In the third chapter of the
gospel book1 of John, Jesus says, “I tell you truly, truly: if one is never born [gennêthê] from water and spirit, one is not able to go into the kingdom of God.” He makes that statement in response to a question from a man named Nicodemus: “How can a person, being old, be born? He is not able to enter into his mother’s womb a second time and be born.” The traditional reading is that Jesus was insisting on ritual water baptism as a condition of salvation. Not so, the first Quakers would say: salvation is accomplished by the blood—that is, the divine life2—of Christ; nothing else can be required or efficacious. How, then, might we understand Jesus’ saying?
In his first epistle, John wrote, “there are three that bear record in earth—the spirit, the water, and the blood—and these three agree in one.”3 The blood being the essential life of Christ, where do we find spirit, water, and Christ explicitly related? First of all, according to John, at the beginning of the Bible.
John’s Nicodemus, “a teacher of Israel,” would have known the creation story of the book of Genesis. John began his own book by quoting the opening phrase of that story—”in the beginning”4—and thereby setting up a parallel that threads through the book. “In the beginning was the Logos, and … all things were made [egeneto] through him” (Jn. 1:1,3). At the creation, Christ the Logos, the right-ordering power of God-who-is-love, makes a cosmos of the primal chaos, just as, later, he will rightly order the hearts of those who trust in him. Given that parallel, a close reading of the first part of Genesis is in order.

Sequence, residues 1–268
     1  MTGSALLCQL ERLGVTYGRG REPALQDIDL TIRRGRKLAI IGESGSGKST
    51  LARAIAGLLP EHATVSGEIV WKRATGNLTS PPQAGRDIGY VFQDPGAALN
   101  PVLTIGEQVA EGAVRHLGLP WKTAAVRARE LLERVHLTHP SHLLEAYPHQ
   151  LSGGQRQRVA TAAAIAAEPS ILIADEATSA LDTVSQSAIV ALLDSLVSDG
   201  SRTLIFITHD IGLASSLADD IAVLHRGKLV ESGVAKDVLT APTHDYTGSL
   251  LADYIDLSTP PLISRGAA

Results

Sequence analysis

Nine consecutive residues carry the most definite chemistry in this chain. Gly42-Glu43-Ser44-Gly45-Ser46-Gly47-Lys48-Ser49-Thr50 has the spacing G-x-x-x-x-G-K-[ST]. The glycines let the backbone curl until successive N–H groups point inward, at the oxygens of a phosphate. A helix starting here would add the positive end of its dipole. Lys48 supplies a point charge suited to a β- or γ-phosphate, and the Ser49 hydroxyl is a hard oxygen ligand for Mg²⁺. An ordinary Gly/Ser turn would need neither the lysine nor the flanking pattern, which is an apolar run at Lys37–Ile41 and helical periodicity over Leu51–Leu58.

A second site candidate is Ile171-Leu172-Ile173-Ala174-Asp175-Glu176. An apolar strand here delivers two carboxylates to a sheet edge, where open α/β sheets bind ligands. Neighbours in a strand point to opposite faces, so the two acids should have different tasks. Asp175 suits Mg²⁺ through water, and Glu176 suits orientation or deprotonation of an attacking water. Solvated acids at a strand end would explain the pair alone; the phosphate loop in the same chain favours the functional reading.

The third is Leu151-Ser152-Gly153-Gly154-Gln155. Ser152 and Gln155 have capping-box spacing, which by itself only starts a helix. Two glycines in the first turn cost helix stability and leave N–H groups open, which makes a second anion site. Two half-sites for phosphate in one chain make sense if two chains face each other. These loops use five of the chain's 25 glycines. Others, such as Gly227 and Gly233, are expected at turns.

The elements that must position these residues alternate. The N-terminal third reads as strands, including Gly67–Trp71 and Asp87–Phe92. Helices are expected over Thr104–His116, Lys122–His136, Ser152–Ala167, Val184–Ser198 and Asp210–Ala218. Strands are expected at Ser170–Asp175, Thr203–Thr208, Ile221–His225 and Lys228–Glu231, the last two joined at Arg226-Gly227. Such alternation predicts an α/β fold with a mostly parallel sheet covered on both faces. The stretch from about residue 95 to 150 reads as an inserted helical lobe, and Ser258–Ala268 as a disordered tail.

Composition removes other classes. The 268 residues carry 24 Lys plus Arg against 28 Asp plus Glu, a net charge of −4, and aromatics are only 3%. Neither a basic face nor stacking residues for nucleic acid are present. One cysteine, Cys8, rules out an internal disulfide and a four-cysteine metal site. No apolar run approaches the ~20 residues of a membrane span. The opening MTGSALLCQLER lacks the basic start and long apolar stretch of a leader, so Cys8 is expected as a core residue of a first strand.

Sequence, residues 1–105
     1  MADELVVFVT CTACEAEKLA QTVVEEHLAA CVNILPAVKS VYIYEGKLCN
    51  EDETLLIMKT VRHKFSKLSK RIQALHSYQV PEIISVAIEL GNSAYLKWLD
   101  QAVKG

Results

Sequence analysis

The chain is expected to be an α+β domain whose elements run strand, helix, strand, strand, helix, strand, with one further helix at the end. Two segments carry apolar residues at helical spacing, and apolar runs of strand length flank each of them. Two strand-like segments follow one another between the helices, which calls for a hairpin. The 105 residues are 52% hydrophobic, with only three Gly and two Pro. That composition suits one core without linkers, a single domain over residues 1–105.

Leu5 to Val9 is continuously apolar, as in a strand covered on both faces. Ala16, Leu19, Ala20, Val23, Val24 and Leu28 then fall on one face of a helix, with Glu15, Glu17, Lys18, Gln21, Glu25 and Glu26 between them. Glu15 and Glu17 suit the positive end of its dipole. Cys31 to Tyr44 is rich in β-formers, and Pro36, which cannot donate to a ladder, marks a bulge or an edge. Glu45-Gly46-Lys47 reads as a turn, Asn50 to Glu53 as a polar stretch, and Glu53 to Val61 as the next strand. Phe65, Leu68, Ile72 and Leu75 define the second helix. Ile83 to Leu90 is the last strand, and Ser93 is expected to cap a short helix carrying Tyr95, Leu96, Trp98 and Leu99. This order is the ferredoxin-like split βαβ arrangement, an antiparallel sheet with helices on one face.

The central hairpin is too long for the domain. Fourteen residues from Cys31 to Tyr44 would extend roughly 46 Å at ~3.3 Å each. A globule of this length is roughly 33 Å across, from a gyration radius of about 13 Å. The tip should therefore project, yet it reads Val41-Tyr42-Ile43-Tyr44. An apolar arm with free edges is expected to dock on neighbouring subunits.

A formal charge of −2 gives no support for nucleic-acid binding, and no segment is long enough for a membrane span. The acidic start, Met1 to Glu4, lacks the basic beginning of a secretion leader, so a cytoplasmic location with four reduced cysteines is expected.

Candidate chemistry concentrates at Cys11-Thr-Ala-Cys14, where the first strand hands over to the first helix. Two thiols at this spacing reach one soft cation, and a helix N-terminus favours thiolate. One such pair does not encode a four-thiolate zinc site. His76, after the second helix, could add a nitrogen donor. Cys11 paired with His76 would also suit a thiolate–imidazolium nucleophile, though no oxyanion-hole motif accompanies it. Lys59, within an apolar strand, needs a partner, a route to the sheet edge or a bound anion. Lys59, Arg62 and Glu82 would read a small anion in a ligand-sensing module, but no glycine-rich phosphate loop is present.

Our reading will apply a Quaker hermeneutic, or principle of interpretation, to the Genesis text. Our hermeneutic is succinctly stated by George Fox in his Journal:
Then I asked them whether their mountain of sin was brought down and laid low in them? and their rough and crooked ways made smooth and straight in them? [Fox is referring to scripture passages Is. 40:4 and Lk. 3:5.] They looked upon the scriptures as meaning outward mountains and ways; but I told them [that] they must find them [i.e., the mountains and ways] in their own hearts; which they seemed to [wonder] at.5
In other words, our Quaker hermeneutic reads “outward” things and events described in scripture as figures or metaphors for our inward spiritual condition and life. With that in mind, we’ll look carefully at some early verses of Genesis (remembering that the verse and chapter divisions were added many centuries after the composition of the text). We’ll use a rendering adapted from the interlinear translation provided by scripture4all.org.
 In the beginning, Elohim made the heavens and the earth.
From (or almost from) the beginning, the world is chaotic, empty, dark. “Abyss” refers to watery deeps, for originally the earth is engulfed by water. Quakers will recall George Fox’s well-known statement that begins, “I saw also, that there was an ocean of darkness and death ….”
The similarity to the human story is striking. Like the earth, Adam and Eve—the mythic personifications of humanity—almost immediately after their creation fall into chaos, are covered by an ocean of darkness. And both the earth and humanity receive the same remedy. “[B]ut an infinite ocean of light and love,” Fox continued, “… flowed over the ocean of darkness.” God responds to the world’s dark chaos by giving himself as Logos/Spirit.
[2b] And [the] spirit of Elohim vibrates over [the] faces of the waters.
The vibration of the Spirit of God sets the water moving in sympathetic patterns. As will happen again when God breathes into Adam, and yet again when the Paraclete inspires human hearts, Spirit [pneuma] informs and enlivens receptive matter.7 Through the Spirit of Logos, God imparts order to the creation, introducing light, or good, and dividing it from darkness, or evil.
 And Elohim says “light shall become,” and light becomes.
 And Elohim sees the light as good, and Elohim divides between the light and the darkness.
[5a] And Elohim calls to light “day,” and to darkness he calls “night.”